[4] "Distinctive configuration" is a variation of the plain view exception providing that certain containers "cannot support any reasonable expectation of privacy because their contents can be inferred from their outward appearance." Cole, 674 P.2d at 124 (quoting Arkansas v. Sanders, 442 U.S. 753, 764 n. 13, 99 S. Ct. 2586, 2593 n. 13, 61 L. Ed. 2d 235 (1979)).

[5] When the arresting officer asked defendant for the roll of paper towels, she denied it was hers. The state points out that if defendant's disclaimer of ownership were truly credible, she would have no legitimate expectation of privacy in the roll of paper towels and thus no standing to contest the validity of the search. See, e.g., Rakas v. Illinois, 439 U.S. 12899 S. Ct. 42158 L. Ed. 2d 387 (1978); State v. Valdez, 689 P.2d 1334 (Utah 1984); State v. Larocco, 742 P.2d 89 (Utah App. 1987). In making its ruling on the evidence, the trial court here necessarily determined that standing was not at issue. We note that a mere disclaimer of ownership in the context of a police query is insufficient in itself to make such an assertion. Accord State v. Allen, 93 Wash.2d 170, 606 P.2d 1235, 1236 (1980) (since the evidence was found on defendant's person and was to be used against him, there was no question that defendant had standing to contest the search).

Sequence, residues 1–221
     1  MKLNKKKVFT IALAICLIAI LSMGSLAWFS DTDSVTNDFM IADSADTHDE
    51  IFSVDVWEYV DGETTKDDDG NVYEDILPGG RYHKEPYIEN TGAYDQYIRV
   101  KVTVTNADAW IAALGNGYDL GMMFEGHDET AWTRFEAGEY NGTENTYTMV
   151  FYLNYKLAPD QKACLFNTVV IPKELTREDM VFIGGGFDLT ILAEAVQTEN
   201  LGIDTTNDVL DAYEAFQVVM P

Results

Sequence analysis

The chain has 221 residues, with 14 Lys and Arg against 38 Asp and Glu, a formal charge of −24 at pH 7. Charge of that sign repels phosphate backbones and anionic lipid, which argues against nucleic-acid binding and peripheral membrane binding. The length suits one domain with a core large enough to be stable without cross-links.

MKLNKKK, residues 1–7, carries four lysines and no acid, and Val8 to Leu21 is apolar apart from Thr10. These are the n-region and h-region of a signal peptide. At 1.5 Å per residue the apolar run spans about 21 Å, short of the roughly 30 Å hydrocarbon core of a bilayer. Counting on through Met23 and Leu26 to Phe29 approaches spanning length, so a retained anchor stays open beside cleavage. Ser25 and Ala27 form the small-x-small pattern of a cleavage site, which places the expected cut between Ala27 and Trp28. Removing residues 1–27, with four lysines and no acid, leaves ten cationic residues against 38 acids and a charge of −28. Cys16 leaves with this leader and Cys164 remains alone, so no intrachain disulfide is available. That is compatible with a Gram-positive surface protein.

[6] In view of our holding on probable cause under the clearly incriminating prong of the plain view exception, we need not examine the search under the "automobile exception" established in Carroll v. United States, 267 U.S. 13245 S. Ct. 28069 L. Ed. 543 (1925). Carroll held "a search warrant unnecessary where there is probable cause to search an automobile stopped on the highway; the car is movable, the occupants are alerted, and the car's contents may never be found again if a warrant must be obtained. Hence an immediate search is constitutionally permissible." Chambers v. Maroney,399 U.S. 42, 51, 90 S. Ct. 1975, 1981, 26 L. Ed. 2d 419 (1970). See also California v. Carney, 471 U.S. 386105 S. Ct. 206685 L. Ed. 2d 406 (1985) (warrantless search of vehicle justified where there is probable cause, vehicle is mobile, and there is a reduced expectation of privacy); United States v. Ross, 456 U.S. 798102 S. Ct. 215772 L. Ed. 2d 572 (1982) (police having probable cause to conduct warrantless search of a vehicle may search any container inside which may conceal object of search); State v. Limb, 581 P.2d 142, 144 (Utah 1978).